Interest rates

University of Michigan economists expect job growth to slow as interest rates continue to rise

Job growth in Michigan will slow through 2023 as the U.S. economy slows due to higher interest rates intended to keep inflation in check.

That’s according to an update of the state’s economic outlook for University of Michigan economists, who predict the addition of just 6,600 jobs per quarter by the end of next year “as the national economy enters a stalling phase”.

Michigan’s job growth then improves to add an average of 10,800 jobs per quarter in 2024 as the state returns to pre-pandemic employment levels, according to the New Outlook Research Seminar in quantitative economics of the university.

“Michigan’s blue-collar industries likely hold the key to whether the state can continue to grow over the next year and a half. The construction and manufacturing sectors, in particular, have always been sensitive to rising interest rate environments such as today. We expect demand backlogs in these industries to dampen employment throughout the Fed tightening cycle,” the University of Michigan economists wrote in the updated outlook. “We expect the Fed to be successful in controlling inflation; the biggest questions in our minds are the timing and the real growth slowdown that will be required.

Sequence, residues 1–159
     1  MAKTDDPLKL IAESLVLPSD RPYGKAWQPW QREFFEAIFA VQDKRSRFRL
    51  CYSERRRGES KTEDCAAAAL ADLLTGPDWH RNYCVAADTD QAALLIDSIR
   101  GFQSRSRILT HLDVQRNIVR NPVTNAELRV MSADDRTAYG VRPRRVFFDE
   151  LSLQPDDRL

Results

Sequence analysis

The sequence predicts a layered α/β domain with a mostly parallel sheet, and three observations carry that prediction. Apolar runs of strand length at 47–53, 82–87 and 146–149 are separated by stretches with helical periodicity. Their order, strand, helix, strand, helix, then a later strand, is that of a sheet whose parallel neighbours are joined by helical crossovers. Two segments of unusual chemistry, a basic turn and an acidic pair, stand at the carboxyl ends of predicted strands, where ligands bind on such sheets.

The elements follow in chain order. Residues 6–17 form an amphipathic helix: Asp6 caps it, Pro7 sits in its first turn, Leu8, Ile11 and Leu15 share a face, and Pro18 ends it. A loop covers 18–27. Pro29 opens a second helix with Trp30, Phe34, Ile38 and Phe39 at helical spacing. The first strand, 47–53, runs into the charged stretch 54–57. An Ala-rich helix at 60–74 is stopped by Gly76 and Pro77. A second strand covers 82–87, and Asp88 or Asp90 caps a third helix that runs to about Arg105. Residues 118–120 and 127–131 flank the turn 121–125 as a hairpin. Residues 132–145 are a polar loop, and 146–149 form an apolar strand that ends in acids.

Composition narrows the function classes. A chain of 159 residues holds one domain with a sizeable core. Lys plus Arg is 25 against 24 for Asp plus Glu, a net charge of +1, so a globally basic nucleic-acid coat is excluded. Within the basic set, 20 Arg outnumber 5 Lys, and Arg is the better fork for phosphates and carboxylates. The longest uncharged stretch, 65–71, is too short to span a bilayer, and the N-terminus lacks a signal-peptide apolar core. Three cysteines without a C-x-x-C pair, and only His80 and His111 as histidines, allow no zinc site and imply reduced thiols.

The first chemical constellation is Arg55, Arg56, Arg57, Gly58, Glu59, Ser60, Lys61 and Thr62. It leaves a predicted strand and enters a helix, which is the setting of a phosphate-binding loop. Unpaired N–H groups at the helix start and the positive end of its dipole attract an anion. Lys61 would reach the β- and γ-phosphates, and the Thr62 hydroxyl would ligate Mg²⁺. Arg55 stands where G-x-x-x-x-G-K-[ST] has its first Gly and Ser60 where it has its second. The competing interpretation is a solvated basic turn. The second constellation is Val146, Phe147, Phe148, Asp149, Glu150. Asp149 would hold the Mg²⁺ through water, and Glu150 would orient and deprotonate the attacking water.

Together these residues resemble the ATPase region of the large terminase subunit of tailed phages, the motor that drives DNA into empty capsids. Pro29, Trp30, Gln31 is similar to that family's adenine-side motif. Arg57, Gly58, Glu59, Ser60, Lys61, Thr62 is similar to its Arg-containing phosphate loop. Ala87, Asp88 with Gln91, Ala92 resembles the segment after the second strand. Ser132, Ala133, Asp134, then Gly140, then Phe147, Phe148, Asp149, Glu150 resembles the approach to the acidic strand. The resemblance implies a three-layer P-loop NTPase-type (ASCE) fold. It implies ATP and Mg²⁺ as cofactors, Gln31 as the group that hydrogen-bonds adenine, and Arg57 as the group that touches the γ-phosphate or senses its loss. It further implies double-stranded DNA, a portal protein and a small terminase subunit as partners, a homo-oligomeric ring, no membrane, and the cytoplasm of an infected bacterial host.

Statewide unemployment will rise slightly from an expected 4% at the end of 2022 to 4.6% at the start of 2024 “before falling again as the Fed eases off the brakes” from the US economy with higher interest rates.

Rising interest rates by then should bring down high inflation, economists said. They project inflation for Michigan to be 8.4% in 2022, the highest rate since 1981, then drop to 4.4% in 2023. Local inflation is expected to fall further in 2024 to a projected 2.3% .

Many business leaders who participated in the latest Michigan Business Leaders Outlook Survey also expect reduced economic growth and lower inflation.

More than half of survey respondents expect the rate of inflation to decline over the next six to 12 months and one in five expect the rate to rise. Nearly two-thirds expect the US economy to decline, while 36% expect it to stay the same or improve.

In Michigan, 46% of respondents to the last Business Leaders for Michigan The survey estimates that the state’s economy will stay the same or improve over the next six months to a year and 53 percent expect it to decline.

The survey also found that 84% of responding executives said their company struggled to fill vacancies.

“Michigan businesses work every day to maintain and grow jobs in our state, even with inflation and labor shortages. Ensuring they can continue to do so in the future will require smart policies and investments from our state,” said Michigan Business Leaders President and CEO Jeff Donofrio. “With a softening economic outlook, more than ever, Michigan will need to find ways to hone its workforce and become more competitive for business and job creation.”

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